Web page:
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PEOPLE v. LINES

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Court of Appeal, Second District, Division 2, California.

The PEOPLE of the State of California, Plaintiff and Respondent, v. Richard Lee LINES, Defendant and Appellant.

Cr. 24018.

Decided: May 23, 1974

David E. Kenner, Van Nuys, under appointment by the Court of Appeal, for defendant and appellant. Evelle J. Younger, Atty. Gen., Jack R. Winkler, Chief Asst. Atty. Gen., S. Clark Moore, Asst. Atty. Gen., Norman H. Sokolow and James H. Kline, Deputy Attys. Gen., for plaintiff and respondent.

Defendant was charged in an information filed December 17, 1971 by the District Attorney of Los Angeles County with the crime of murder. He pleaded not guilty and not guilty by reason of insanity. In May of 1972, a trial was commenced but pursuant to Penal Code section 1368 defendant was found to be presently insane and proceedings were suspended for some four months during which he was committed to Atascadero State Hospital.

Upon a later finding that defendant had regained his sanity, criminal proceedings were reinstated and in a bifurcated jury trial defendant was found guilty of murder in the second degree and sane at the time of the commission of the offense.

FACTS

During the afternoon of November 23, 1971, defendant and one Jim McEever went to the Foothill Division of the Los Angeles Police Department and informed the detective on duty that defendant's Uncle Edward Hunt had solicited him, the defendant, to join in a plot to murder McEever. According to defendant his Aunt Rose Hunt, the victim in this case, was also aware of the plan to kill McEever. After discussing this matter with police, defendant and McEever departed.

At about 1:00 a. m. the following morning defendant walked into the Foothill Division station and informed the desk officer that he had just shot Rose Hunt. He handed the officer a gun and some ammunition. An officer was dispatched to the Hunt residence where he discovered the body of Rose Hunt lying on the floor of her bedroom. She had been shot five times. The shots were fired at a distance of at least two to three feet. Rose Hunt was 57 years old and described as thin and frail and weighing about 100 lbs.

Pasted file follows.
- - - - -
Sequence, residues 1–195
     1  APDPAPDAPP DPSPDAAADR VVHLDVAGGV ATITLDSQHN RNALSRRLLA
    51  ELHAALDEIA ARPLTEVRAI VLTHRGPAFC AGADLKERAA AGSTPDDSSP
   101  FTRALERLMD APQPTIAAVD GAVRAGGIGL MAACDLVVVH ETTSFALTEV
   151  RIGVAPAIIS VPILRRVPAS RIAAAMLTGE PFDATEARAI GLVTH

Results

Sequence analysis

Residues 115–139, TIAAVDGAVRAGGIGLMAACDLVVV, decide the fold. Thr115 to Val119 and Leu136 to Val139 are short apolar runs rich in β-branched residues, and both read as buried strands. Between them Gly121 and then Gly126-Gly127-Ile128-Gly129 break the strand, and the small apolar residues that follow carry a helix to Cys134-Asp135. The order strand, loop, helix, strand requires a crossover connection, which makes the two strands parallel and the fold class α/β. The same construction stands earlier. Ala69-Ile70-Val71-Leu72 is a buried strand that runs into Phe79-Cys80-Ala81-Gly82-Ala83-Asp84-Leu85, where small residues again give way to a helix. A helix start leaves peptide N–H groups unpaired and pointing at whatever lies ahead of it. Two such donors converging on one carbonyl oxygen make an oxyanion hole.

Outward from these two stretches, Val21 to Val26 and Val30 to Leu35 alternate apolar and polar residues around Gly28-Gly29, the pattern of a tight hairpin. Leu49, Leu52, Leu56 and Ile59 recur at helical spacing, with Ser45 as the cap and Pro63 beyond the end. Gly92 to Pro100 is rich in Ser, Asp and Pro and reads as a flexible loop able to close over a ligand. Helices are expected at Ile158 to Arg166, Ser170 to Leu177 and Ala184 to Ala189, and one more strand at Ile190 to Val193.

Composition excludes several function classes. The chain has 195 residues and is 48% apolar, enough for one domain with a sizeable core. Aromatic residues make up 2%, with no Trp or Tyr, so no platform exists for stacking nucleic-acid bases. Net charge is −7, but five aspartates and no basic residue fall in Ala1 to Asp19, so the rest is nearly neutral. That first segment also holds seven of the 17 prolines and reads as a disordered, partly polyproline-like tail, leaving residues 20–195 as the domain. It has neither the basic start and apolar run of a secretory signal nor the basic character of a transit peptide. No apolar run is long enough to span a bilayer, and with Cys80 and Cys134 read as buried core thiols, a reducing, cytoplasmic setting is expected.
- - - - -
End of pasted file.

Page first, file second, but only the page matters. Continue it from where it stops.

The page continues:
In a statement to the police, which statement was placed in evidence by the People, defendant recounted the background of the event. He stated that he was living with his aunt and uncle. He was quite upset at the plan to kill McEever. The aunt, Rose Hunt, had acquired a gun and ammunition. He had removed the gun and ammunition from the place where she kept it. During the evening of November 23, 1971, he had an argument with his aunt and threatened to go to the police and inform them about the proposed murder of McEever.

In the course of this discussion defendant took the gun in his hand and stood at the bedroom door. The victim was seated on the bed. Then in defendant's words ‘She was getting up off the bed—and started—she was going—we went into a, you know, started like in a run toward me and everything exploded in my head and that's all I know.’ Later defendant said ‘Like I said she went into a rage and come up out of that bed and I was—she saw I was all up tight and upset anyway and she come up like that. Like I say—Bang Bang—I don't know she was just coming at me and I let it go.’

According to defendant he was afraid of his aunt. He didn't intend to kill her. He was upset and confused. Defendant told of having had previous mental difficulties.

When defendant appeared at the police station he was calm, sober and coherent. The murder weapon was a .38 caliber double action revolver with a fairly heavy trigger pull.

At the trial defendant testified that his Uncle Ed Hunt had killed the victim and that he, the defendant, had confessed in order to cover for the uncle. He denied that he had in any way participated in the homicide.

THE TRIAL OF THE NOT GUILTY PLEA

At the close of the People's case defendant moved for an acquittal of the crime of murder pursuant to Penal Code section 1118.1. That motion was denied. The defense then proceeded. On appeal defendant assigns as error the denial of his motion for acquittal, arguing that the People's evidence disclosed a homicide no greater than manslaughter.